The differences in the appearance of IN and MDSC in these two sepsis contexts can be attributed to several factors. Among them, the magnitude of the inflammatory response is likely of major importance. In contrast with septic shock, COVID-19, even in its most severe presentation, involves a progressive deterioration lasting for 5–7 days before ICU admission. This evolution is accompanied by a low-grade inflammation, which is much lower in intensity compared to that observed in septic shock and could be also attenuated by dexamethasone. As a result, it does not trigger a massive emergency granulopoiesis. Furthermore, as a viral infection, COVID-19 primarily involves antiviral processes that do not require neutrophils as the first line of defence. Alongside the variation in IN, the similarities in LOX-1 MDSCs kinetics between COVID-19 and septic shock illustrate that, once organ failures appear in severe infections, common mechanisms of immunosuppression occur regardless of the underlying cause, in a delayed fashion. This observation is in accordance with Hollen's findings [1], which showed that the acquisition of suppressive functions by MDSCs typically takes approximately 1 week.

To the best of our knowledge, this is the first sepsis report that involves the simultaneous assessment of IN and MDSCs. As such, it warrants further confirmation in larger cohorts of patients. That given, as of now, our study underscores the significance of accurately defining the MDSCs phenotype in whole blood for future sepsis studies. Mere reliance on the immature phenotype (such as CD10lowCD16low) appears to be insufficient for identifying these cells, especially in the early days following sepsis onset, without functional testing to establish their immunosuppressive properties.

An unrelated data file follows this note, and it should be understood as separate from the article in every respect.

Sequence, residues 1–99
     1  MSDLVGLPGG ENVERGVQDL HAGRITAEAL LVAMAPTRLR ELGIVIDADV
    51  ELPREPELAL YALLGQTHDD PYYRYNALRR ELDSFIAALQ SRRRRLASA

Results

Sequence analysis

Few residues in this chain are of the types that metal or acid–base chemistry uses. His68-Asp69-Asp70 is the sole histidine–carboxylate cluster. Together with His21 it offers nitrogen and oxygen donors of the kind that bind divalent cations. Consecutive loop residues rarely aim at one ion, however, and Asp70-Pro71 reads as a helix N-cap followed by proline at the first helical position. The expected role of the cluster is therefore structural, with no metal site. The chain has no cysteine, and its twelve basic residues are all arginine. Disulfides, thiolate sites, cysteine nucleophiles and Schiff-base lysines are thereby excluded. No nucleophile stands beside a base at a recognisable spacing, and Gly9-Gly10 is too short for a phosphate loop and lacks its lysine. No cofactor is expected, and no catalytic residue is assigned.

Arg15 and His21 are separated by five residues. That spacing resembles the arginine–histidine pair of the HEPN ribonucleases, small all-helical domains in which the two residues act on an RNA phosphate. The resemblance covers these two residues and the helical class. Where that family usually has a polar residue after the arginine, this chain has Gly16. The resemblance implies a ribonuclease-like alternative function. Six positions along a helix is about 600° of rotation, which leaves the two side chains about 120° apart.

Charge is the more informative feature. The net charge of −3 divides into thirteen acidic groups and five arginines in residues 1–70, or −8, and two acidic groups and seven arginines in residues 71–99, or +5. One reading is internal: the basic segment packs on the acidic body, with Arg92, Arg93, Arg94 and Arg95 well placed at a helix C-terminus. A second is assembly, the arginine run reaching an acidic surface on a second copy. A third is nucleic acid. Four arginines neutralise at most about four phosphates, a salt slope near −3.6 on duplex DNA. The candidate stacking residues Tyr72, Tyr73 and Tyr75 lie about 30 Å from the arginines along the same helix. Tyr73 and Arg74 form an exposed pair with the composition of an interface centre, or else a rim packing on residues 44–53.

Availability of data and materials

The datasets used and/or analysed during the current study are available from the corresponding author on reasonable request.



Myeloid-derived suppressor cells


Immature neutrophils


Intensive care unit


Lectin‐type oxidized LDL receptor 1


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The authors would also like to acknowledge the important contribution of the members of both RICO and IMMUNOSEPSIS-4 study groups.


This work was supported by Université Lyon 1 and Hospices Civils de Lyon.

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RC, FV, and GM designed and performed the experiments. RC performed the statistical analyses. ACL, MC, FB, and LA included patients. All authors discussed the data, drafted or revised critically the manuscript for important intellectual content, and approved the final manuscript.

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Correspondence to Guillaume Monneret.

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Septic shock patients (Sepis-3 criteria) admitted to ICU of Hôpital E. Herriot (Hospices Civils de Lyon, Lyon, France) were included in the IMMUNOSEPSIS-4 cohort. This project was approved by Institutional Review Board for ethics (“Comité de Protection des Personnes Ouest II”: #2019-A00210-57). This study is registered at the French Ministry of Research and Teaching (#DC-2008–509), at the Commission Nationale de l’Informatique et des Libertés, and on (NCT02803346). COVID-19 ICU patients were enrolled in the RICO study. This project was approved by Institutional Review Board for ethics (“Comité de Protection des Personnes Ile de France 1”, n° RCB: 2020-A01079-30). This study is registered at the French Ministry of Research and Teaching (#DC-2008-509), at the Commission Nationale de l’Informatique et des Libertés, and on (NCT04392401). Peripheral blood from healthy volunteers (controls) was provided by the “Etablissement Français du Sang (EFS)” from Lyon. According to EFS standardized procedures for blood donation and to provisions of the article R.1243–49 and following ones of the French public health code, a written non-opposition to the use of donated blood for research purposes was obtained from controls.

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Coudereau, R., Haem Rahimi, M., Lukaszewicz, AC. et al. Immature neutrophils and myeloid-derived suppressor cells in sepsis: differences in occurrence kinetics. Crit Care 28, 7 (2024).